The mastermind behind Kevin Johnson's election as Sacramento mayor says his client is more popular with voters than his colleagues on the City Council.
Political consultant David Townsend said a poll he commissioned found half of all Sacramentans are satisfied with Johnson's performance, but fewer than 40 percent of those surveyed are satisfied with the council.
The poll was conducted by Jim Moore. Townsend was the consultant who worked on Johnson's successful 2008 mayoral run, and he continues to be one of the mayor's chief political advisers.
Johnson hasn't said for sure whether he'll seek a second term next year. And since we're several months away from campaign season, the existence of a poll concentrating on the mayor shouldn't be seen as a sign that he's launching a re-election effort just yet.
Still, there were some interesting findings.
The poll was conducted between March 22 and 28, and 450 likely November 2012 voters were interviewed.
It found that 54 percent of those asked had a favorable opinion of Johnson and 36 percent had unfavorable views. By comparison, 55 percent had favorable opinions of state Senate President Pro Tem Darrell Steinberg (D-Sacramento).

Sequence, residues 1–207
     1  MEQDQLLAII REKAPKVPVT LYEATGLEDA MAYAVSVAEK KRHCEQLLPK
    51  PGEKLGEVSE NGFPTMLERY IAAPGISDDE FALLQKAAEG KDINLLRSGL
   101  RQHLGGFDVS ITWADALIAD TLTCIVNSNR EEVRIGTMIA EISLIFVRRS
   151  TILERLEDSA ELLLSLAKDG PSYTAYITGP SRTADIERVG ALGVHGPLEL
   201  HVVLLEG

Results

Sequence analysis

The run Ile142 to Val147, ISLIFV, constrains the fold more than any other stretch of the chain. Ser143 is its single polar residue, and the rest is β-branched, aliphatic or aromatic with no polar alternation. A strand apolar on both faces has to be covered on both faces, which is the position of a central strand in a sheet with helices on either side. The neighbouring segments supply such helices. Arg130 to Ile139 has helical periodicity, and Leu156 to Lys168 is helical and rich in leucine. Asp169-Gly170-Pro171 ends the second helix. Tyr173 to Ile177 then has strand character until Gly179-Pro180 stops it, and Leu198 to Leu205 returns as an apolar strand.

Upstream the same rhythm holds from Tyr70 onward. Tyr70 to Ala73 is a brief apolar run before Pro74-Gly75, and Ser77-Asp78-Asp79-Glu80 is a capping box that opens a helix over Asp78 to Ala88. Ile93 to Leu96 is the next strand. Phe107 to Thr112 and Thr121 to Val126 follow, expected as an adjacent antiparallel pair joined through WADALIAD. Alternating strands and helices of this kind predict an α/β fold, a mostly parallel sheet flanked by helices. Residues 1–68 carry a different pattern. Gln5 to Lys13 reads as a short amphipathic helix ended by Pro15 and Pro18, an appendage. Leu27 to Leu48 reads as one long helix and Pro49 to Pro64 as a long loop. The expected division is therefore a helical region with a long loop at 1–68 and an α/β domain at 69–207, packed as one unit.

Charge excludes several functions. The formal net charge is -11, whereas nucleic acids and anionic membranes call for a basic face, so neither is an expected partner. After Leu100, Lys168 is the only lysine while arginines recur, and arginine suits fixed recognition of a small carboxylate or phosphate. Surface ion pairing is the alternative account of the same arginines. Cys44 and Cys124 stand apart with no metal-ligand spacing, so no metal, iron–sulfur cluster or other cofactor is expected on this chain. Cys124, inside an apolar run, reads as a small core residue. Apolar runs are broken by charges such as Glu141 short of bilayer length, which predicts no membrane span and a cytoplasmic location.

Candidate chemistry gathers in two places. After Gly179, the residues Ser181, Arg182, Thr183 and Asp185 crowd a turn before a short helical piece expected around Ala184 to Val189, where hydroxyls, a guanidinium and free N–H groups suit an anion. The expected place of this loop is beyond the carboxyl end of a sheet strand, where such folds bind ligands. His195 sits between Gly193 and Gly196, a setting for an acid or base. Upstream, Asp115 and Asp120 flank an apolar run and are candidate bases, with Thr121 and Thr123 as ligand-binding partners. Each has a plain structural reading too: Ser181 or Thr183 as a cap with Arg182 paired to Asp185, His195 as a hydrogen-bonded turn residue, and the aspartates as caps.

Something to note, however, was the timing of the poll. At the time the survey was taken, even Johnson himself was saying the Kings were likely to leave Sacramento - and that there was little the city could do.
A week later, Johnson went to New York and made a pitch to the NBA to keep pro basketball in Sacramento. We soon learned the Kings are staying another year - and Johnson has been given much of the credit.
While 50 percent said they were satisfied with the mayor's overall job performance, 38 percent said they were satisfied with the performance of the City Council. The Sacramento City Unified School District got a 33 percent approval rating.
The poll also took aim at a pair of Council members who have been at odds with the mayor on some of his key issues, most notably his "strong mayor" proposals.
The survey found that 40 percent of those polled supported re-electing Councilwoman Sandy Sheedy, while 40 percent said they'd vote for someone else. Councilwoman Bonnie Pannell had the support of 42 percent of voters in her district.
On the issues, 81 percent said attention should be paid toward fixing the city's public schools and improving levees, while 80 percent also said they wanted City Hall to "live within its means" and were concerned with gangs and crime.